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Read more in Solstice Fire and the Art of Service, by Eric Francis.
“… the Court invalidates the marriage laws of more than half the States and orders the transformation of a social institution that has formed the basis of human society for millennia, for the Kalahari Bushmen and the Han Chinese, the Carthaginians and the Aztecs. Just who do we think we are?”
— Chief Justice John Roberts
As we contemplate the Art of Service to one another, we define what is important in our lives. When we are in service to something larger than ourselves, our lives expand with opportunity and growth. We have seen what happens when we serve only our own needs and desires, contracting into a kind of littleness that does not serve anyone. When Edgar Cayce told us that here, on planet Terra, we “serve or suffer,” I suspect he meant exactly that.
Here at Planet Waves, we hope you will grow with us by supporting the work we do, if you are able. You will find several ways to contribute to our mutual well-being here and we thank you for all you do.
This was the week that Chris Christy decided we needed another belligerent presidential candidate besides The Donald, whose annual Miss America/Miss Universe beefcake presentation was canceled by Hispanic channel Univision after he called illegal Mexican immigrants rapists. NBC decided to turn the “You’re Fired” meme around on him, no longer supporting him as host for Celebrity Apprentice, and Macy’s will no longer carry his menswear line. Appropriately, New York Mayor de Blazio is “reviewing his contracts with the city.” Trump being Trump, he will sue (everyone, apparently).
As fallout, the ineffectual responses to Trump’s racist allegations by candidates have moved the Hispanic community farther away from the GOP than ever, as has the Pope’s encyclical, which has galvanized Hispanic youth in support of sound environmental practice and acceptance of climate change. If you have concerns about the young ones, read America Ferrera’s take down of Trump and soothe yourself. Unless the Republican leopard can change its spots, the likelihood of their capturing the national flag anytime soon is slim.
Christy, meanwhile, has pledged not to sugarcoat any issues, not that we expected him to — he’s a Jersey boy, after all. Obama mentioned that if this funneling of candidates into the Pub locker room keeps up, they will soon have enough contenders for their own version of the Hunger Games. A chilling thought, eh?
This was also the week that the media noticed that Bernie Sanders isn’t just a scruffy old socialist curmudgeon but a viable contender for the crown. Everywhere Bernie goes, his staff has to upgrade the facility to hold more warm and enthusiastic bodies. The message is the medium here, and the medium is a grassroots populist movement that has raised over $15 million dollars of support since April, with no big donors. This deems him legit, making his race against Hillary’s well-funded war chest suddenly ‘do-able.’
Pity the Pub who still wants to demonize the word ‘socialist’ when it no longer plays with those who hear Bernie’s populist message: citizens who think fair is fair and government is meant to benefit them, not pound them into silly putty. Starting out virtually unknown, Sanders is now just 8 points behind Hillary in New Hampshire and within 19 points nationally, according to a recent poll. He has consistently drawn the largest crowds on the stump, proven by no less than 10,000 people flocking to hear him speak in Madison, Wisconsin this week. The Elizabeth Warren wing of the Dem party is alive and well and it’s got legs.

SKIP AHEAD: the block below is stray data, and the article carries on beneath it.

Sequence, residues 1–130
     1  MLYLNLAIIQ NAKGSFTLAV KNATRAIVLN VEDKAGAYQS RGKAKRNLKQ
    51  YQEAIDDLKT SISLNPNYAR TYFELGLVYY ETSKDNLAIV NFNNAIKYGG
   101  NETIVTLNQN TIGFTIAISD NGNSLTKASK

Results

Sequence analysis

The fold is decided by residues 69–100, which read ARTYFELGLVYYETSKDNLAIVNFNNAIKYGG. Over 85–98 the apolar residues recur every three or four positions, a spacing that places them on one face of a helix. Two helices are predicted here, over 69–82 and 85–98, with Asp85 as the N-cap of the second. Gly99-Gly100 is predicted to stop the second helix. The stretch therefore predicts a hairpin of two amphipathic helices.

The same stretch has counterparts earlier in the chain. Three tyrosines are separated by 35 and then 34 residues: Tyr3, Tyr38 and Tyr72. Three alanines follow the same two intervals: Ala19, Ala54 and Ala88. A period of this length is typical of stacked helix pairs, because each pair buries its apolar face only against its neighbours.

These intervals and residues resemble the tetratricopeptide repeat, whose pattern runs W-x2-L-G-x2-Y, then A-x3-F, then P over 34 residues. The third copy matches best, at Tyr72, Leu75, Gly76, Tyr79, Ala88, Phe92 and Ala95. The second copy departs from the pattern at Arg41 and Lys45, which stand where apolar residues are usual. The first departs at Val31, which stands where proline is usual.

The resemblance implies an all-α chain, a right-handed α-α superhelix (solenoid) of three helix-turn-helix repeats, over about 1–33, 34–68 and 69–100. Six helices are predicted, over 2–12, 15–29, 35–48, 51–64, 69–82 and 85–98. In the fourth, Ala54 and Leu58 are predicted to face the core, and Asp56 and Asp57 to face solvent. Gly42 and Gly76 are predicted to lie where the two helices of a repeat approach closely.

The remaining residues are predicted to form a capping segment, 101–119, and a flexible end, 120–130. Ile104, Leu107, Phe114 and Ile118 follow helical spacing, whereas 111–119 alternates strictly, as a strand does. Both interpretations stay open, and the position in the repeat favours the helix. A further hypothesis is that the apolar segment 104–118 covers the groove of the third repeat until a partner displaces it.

A fifth Dem, Southern centrist Jim Webb, has thrown his hat in the ring and brings a bit of gravitas with him. As a senator from Virginia, Webb voted against Shock ‘n Awe, disapproves of the war on drugs, and has populist appeal. But he also voted against women in combat (or even admitting them to our service academies) and against strict carbon emissions standards, and he has continually — and recently — defended the Confederate flag, none of which will play with the Dem base. At minimum, we now have a mix of left-leaners, almost all of them left of Ms. Clinton.
A year and a half from the next presidential election, we’re well begun in terms of defining what we want to come next. Although it seems tedious to follow the election hijinks so far in advance of the event, it feels somehow appropriate to me — at this juncture, to again quote Poppy Bush — to recognize that re-definition is exactly what we’re up to, now that so much of our national persona is bent and broken and drowned in the Republican bathtub. With all the Sturm und Drang of attempting to move us backwards into what was, a very clear assessment of what is would serve us well.
In the decision to allow same-sex marriage, each of the four conservative judges — Alito, Thomas, Scalia and Roberts — wrote his own dissent. Each followed the philosophical thread we’ve come to expect from the right, which amounts to fear and loathing of change = instability = chaos. Out of all the nonsense sputtered by Scalia (watch this excellent little Fiori ‘toon to get a sense of the lyrical word salad he mixed with these two lost decisions), the tone-deaf meanderings of Thomas, and the harsh pronouncements of Alito that remind me of Cotton Mather pounding his podium, it’s a phrase from John Roberts that grabs my attention: “Just who do we think we are?”
This was a finger pointed at the apparent hubris of attempting to change the social order that has kept the marriage bed sacred for the propagation of the species. Essentially, Roberts considers the ruling unconstitutional, although — to give him his due — his dissent seemed the most secular. And clearly, to Roberts’ thinking, messing with that ‘natural order’ brings up too many questions to juggle in one little ruling, fiddles with the old paradigm notion of a husband in ownership of both wife and child, opens the possibility of polygamy, and worse. Most dreadful of all, now anyone loathe to tolerate same-sex marriage will no doubt be vilified and called bigot!